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Last night, you inadvertently left your baggy out in the peak of summer. Today, you reach in for a bud, only to have it disintegrate into almost a powder in your hands. As you light up, you immediately notice the harsh sting in the back of your throat, with none of the pleasant tastes and aromas you’re used to.

Novice growers will tell you how uncertain they are when it comes to drying their crops. Drying in the middle of winter is very different from mid-summer. Even if a bag of weed is at its perfect moisture level, if transported to a new, dryer climate, it can dehydrate at record speeds. Luckily, this is not the most disastrous of situations. It is possible to rehydrate cannabis with a few simple techniques. Some of them may even bring new flavours, while others can simply destroy your stash if done recklessly. Nevertheless, your pot will never be exactly as it was before. The two most common reasons why weed gets dry beyond its optimal point are overdrying after harvest and inadequate storage.

The outer leaves may seem dry, while the inner bud and stems might still hold considerable amounts of water. Therefore, it is common for growers to judge dryness by using the stem-snapping trick. When a plant is cut down to dry, soon after, the stems lose a lot of their rigidity and stiffness. If you handle a stem, it will bend without snapping. As such, the general rule of thumb is, when you can snap a bud’s stem clean in half, it is sufficiently dry. While this trick works great for the more experienced, it is by no means the most scientific method. In moderate climates with average humidity, a slow and even drying period can be expected. In arid climates, however, a humidifier and frequent close-inspection of buds may be needed. After a final trim, the buds should be placed in an airtight container to cure. If left in a paper or plastic bag, they will continue to exchange water with the surrounding air—eventually drying up altogether. By placing the weed in an airtight container, you will preserve its water content, as well as promote the best conditions for curing, which will enhance its taste, smell, and potency. Fortunately, in the same way cannabis can release water into the air, it can also suck water molecules back into the bud. All you need is an airtight container (again!), or something very close. In this remedial situation, being airtight is not essential to success. But after rehydration and for long-term storage, airtight containers are indeed necessary. The general idea is to increase the relative humidity inside the container to create a microclimate. Water molecules will disperse from high concentration zones to lower concentration zones until it has evened out. There are several ways to achieve this—some you can even do regardless of excessive dryness. All these methods are slight variations on one another (except for the super express methods described below), but they do have their nuances. Grab a slice of bread and moisten it (don’t soak it). A damp paper towel can also be used, though beware of excessive water content.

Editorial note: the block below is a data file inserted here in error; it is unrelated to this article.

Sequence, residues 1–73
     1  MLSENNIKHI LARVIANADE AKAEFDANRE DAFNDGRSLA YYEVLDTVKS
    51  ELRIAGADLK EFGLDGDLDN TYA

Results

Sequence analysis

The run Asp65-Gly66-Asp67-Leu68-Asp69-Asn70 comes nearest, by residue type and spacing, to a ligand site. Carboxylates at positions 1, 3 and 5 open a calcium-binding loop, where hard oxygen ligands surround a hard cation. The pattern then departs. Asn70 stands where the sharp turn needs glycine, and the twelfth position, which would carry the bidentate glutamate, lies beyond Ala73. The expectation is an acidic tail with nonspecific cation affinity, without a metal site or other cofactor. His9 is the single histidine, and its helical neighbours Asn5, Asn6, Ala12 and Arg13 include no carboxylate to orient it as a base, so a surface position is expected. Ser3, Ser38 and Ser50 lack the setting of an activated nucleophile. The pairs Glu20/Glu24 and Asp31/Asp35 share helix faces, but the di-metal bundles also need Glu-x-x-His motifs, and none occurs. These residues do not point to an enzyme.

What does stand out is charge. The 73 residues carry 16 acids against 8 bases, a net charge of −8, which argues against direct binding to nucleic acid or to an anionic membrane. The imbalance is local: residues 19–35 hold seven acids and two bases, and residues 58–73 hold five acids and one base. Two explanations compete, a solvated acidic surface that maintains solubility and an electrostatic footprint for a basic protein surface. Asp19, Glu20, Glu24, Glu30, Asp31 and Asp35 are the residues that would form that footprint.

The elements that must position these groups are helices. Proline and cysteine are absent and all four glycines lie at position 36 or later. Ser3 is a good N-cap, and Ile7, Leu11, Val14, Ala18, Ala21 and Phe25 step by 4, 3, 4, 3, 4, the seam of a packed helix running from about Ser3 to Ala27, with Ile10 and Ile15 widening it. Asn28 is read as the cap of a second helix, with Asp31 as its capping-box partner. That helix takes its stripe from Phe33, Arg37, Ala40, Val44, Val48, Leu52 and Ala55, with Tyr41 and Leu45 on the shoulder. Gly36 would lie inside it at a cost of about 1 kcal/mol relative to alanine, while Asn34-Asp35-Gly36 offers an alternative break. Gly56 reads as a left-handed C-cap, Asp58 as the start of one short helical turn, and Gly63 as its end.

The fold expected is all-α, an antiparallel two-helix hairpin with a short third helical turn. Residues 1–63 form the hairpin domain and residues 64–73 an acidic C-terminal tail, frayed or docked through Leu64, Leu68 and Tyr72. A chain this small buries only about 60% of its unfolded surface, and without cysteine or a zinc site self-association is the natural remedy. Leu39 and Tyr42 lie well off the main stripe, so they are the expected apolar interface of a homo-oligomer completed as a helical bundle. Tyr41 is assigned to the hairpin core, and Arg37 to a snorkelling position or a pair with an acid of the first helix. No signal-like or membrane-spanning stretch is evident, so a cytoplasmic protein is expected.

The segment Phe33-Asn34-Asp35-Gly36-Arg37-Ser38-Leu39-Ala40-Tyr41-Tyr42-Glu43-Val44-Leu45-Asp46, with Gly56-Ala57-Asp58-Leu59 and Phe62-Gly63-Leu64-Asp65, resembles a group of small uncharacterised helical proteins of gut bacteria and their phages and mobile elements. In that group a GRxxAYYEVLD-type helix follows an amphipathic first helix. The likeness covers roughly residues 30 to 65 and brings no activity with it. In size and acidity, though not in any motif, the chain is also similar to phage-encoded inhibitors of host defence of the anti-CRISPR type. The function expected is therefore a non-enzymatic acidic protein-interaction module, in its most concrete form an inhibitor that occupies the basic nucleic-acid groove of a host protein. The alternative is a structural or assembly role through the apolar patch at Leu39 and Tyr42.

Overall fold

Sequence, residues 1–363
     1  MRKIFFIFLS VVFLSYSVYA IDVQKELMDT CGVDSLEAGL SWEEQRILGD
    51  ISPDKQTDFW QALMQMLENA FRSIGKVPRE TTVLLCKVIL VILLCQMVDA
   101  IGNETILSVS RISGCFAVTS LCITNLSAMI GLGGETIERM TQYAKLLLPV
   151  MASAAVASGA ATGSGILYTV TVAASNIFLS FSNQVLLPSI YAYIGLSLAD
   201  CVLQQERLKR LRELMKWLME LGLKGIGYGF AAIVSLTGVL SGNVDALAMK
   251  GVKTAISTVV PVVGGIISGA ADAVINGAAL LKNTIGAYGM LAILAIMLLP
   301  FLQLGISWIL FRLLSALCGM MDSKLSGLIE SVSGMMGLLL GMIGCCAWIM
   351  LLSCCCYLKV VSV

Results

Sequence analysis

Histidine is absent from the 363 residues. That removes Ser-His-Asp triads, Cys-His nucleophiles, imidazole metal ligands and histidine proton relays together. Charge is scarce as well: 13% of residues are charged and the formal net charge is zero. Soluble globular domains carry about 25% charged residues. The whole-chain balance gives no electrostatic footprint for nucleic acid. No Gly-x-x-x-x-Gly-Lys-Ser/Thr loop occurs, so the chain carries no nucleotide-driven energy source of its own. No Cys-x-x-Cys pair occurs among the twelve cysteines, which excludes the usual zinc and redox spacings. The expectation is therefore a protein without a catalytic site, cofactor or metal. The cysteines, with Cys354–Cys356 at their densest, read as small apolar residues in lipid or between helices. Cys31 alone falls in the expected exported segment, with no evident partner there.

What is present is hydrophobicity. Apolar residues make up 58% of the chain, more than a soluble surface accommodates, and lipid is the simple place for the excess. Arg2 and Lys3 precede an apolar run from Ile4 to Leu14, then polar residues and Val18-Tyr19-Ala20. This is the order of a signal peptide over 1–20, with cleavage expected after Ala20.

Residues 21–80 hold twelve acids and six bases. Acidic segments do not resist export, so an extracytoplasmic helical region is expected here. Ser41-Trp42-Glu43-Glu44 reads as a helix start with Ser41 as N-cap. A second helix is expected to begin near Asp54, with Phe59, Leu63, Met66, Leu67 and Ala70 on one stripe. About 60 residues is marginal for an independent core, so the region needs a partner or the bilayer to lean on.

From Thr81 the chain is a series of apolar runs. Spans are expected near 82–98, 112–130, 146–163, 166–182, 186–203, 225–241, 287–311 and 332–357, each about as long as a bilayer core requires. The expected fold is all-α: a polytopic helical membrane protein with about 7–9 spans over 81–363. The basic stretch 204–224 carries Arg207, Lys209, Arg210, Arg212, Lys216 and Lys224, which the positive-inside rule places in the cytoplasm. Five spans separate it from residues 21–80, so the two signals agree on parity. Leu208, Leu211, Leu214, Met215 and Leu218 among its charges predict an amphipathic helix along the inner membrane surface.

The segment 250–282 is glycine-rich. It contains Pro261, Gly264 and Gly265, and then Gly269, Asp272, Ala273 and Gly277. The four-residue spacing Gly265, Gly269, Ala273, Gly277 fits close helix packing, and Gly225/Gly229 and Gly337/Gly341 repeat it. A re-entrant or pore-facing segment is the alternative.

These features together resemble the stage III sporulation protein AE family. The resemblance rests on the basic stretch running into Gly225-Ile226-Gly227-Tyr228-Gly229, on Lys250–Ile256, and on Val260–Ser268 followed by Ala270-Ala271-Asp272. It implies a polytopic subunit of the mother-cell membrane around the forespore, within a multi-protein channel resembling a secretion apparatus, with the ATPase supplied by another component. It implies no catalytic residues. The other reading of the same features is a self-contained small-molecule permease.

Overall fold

Place it on top of the weed in a thick plastic or Ziplock bag, close it tight, and let it sit for an hour or two.

When the time has elapsed, check your weed and move it around a little. Check the lettuce, bread, or towel for how much drier it is. This is a clear indication of the amount of water retained by the buds. Depending on the size of your stash, you may need to repeat this a couple of times.

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